At the top of the South Island, the Marlborough Sounds are a series of sunken river valleys that form a dazzling landscape, with countless peninsulas, islands and inlets. Though the region represents only 1 percent of New Zealand's total area, its irregular coastline, with its many bays and coves, means it accounts for a fifth of the country’s coast.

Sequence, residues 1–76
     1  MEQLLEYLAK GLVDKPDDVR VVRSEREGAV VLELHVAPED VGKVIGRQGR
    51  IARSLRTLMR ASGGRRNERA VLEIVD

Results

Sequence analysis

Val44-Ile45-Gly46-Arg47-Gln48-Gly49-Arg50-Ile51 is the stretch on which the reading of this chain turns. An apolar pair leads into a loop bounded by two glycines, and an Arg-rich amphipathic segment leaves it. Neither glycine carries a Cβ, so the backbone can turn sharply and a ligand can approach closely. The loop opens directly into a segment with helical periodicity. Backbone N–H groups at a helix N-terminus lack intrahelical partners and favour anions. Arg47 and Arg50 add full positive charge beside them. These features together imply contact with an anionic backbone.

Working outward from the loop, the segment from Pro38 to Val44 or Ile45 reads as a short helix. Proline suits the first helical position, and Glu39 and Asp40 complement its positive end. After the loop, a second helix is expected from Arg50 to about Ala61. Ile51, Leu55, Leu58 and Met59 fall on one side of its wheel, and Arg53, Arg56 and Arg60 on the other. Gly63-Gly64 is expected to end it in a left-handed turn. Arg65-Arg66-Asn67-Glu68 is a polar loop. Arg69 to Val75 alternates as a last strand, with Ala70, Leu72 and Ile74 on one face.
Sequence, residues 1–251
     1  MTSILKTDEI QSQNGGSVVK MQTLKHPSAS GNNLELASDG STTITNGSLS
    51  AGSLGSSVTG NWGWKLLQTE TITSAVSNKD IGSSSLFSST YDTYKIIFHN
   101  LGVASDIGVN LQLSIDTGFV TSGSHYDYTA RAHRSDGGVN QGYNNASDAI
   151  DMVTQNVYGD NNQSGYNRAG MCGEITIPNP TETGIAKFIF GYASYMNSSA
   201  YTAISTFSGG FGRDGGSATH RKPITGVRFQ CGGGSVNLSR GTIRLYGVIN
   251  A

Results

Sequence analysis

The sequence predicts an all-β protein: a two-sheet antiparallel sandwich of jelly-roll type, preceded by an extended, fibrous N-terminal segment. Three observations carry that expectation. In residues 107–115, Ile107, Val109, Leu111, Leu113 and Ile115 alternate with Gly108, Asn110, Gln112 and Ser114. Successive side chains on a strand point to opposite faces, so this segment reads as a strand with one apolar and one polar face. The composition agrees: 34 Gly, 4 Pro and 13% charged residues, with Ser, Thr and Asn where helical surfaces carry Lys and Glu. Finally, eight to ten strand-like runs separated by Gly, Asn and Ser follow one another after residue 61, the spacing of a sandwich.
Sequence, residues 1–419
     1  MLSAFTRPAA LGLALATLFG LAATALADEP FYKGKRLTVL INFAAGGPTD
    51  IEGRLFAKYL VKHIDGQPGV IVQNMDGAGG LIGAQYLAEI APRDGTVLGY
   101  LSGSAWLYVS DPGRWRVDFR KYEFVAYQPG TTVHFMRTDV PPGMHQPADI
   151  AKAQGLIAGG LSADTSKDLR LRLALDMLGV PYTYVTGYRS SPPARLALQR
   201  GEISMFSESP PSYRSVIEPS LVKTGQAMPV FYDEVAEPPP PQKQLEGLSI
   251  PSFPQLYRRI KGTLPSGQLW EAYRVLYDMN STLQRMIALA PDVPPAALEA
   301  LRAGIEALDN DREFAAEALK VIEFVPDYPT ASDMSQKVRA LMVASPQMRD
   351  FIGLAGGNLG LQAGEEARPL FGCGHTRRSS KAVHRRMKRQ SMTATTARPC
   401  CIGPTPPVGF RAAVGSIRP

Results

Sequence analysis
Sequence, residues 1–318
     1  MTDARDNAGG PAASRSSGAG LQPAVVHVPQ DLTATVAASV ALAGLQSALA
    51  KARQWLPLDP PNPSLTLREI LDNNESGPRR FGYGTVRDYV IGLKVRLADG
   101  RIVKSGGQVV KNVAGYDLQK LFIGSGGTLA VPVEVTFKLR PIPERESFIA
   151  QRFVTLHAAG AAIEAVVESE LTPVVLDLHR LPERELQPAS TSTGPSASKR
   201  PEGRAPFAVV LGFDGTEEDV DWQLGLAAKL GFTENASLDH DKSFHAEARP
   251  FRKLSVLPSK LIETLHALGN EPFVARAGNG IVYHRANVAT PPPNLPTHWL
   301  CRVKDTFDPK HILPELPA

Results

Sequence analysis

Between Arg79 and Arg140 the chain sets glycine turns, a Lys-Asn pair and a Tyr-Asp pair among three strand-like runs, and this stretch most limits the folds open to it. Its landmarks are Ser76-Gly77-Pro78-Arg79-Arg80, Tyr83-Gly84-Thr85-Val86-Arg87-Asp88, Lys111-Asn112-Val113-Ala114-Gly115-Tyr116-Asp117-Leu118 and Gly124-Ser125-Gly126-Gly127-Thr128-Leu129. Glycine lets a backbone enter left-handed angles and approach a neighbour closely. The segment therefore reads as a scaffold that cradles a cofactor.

There are three principal sounds: Pelorus, Kenepuru and the largest, Queen Charlotte Sound, which runs along the southern edge of the region. While the sounds were home to a number of settlements of Maori, who were able to fish these protected waters safe from the currents of the open sea, the area is sparsely populated today. For the traveler who wants to escape the bustle of civilization, the walking trails along the stunning coastline and the protected bays dotted with the white sails of yachts are a good choice. Queen Charlotte and the other sounds are also an important home for some of New Zealand's fauna, with five different types of dolphins swimming in the waters here and threatened bird species finding sanctuaries in the 50 different nature reserves throughout the region.